Foreword to Being Smart about Gifted Education by Rena Subotnik, PhD
Psychology has lots to offer gifted child studies and gifted education, and always has. Most of the patriarchs and matriarchs of the field were trained in the discipline, as were many of their rebellious “sons” and “daughters.” This wonderful volume continues that tradition by promoting evidence-based practices that have been carefully culled and vetted through psychological science, education and evaluation research, as well as by the deep expertise of the authors.
Dona Matthews and Joanne Foster’s conceptualization of “Mastery” versus “Mystery” approaches for gifted education and gifted child studies unveils the source of conflicting outcomes we see in the gifted education literature. They make it clear that unless the preparation provided to teachers and the consultations we provide to parents are grounded in some form of definitional consensus, our field will undermine its ability to play a greater role at the table of school reform and policy development.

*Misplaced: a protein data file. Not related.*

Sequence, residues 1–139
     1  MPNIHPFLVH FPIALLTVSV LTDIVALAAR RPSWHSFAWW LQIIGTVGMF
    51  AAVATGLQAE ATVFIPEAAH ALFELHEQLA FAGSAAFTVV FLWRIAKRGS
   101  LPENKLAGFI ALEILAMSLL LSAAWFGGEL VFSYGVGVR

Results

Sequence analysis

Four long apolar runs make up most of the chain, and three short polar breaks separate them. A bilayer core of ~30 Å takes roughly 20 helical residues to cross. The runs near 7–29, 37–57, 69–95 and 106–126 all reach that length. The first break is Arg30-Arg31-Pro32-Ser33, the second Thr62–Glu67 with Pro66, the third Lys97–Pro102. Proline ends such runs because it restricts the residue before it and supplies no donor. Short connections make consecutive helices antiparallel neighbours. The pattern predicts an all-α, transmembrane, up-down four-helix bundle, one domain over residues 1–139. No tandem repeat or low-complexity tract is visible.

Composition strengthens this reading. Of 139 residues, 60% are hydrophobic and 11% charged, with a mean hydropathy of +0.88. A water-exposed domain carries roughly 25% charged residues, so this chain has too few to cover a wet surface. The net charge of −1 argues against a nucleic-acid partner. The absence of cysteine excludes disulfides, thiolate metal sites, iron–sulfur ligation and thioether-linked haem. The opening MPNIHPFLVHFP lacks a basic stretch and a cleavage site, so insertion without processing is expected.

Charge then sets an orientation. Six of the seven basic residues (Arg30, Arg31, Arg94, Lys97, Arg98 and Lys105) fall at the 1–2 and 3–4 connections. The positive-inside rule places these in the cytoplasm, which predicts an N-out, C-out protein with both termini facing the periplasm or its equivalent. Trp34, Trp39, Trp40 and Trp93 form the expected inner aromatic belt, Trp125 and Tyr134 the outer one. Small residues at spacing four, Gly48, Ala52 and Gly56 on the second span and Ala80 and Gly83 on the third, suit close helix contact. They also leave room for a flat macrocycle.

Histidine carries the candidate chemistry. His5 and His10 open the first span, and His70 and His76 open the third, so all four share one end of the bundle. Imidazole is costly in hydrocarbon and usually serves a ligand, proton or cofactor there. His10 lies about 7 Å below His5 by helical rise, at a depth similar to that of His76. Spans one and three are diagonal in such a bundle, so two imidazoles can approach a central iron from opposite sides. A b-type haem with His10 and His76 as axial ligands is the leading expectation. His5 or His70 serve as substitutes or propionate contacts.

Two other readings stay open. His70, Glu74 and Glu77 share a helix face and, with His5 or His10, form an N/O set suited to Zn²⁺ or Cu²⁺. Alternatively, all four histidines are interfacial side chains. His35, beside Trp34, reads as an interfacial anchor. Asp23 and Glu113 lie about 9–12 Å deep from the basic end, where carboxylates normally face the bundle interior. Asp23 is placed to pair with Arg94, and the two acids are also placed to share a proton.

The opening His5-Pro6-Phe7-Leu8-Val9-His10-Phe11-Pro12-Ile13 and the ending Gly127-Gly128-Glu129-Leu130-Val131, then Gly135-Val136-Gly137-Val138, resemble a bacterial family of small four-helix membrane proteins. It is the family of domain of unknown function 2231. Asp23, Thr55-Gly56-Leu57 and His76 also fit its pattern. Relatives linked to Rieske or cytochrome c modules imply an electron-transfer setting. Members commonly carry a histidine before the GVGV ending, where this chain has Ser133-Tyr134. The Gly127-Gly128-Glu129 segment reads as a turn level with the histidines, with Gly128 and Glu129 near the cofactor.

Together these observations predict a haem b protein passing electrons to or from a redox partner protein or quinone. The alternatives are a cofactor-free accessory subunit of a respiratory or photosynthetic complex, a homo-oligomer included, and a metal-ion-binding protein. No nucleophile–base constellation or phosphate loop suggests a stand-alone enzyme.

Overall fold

The authors explicate the arena of gifted education in a number of constructive ways. They do not accept hearsay or ideology as an excuse for promoting practices in identification, curriculum, evaluation, or counseling services. They provide solid advice to parents, educators and decision makers in language that is accessible to all interested readers. Every reader, from those with little exposure to the field save experiences with their own children and their children’s teachers, to those who have been immersed for decades in serving the needs of gifted children, will find this book a welcome reference.
Rena F. Subotnik, PhD
Director, Center for Gifted Education Policy American Psychological Association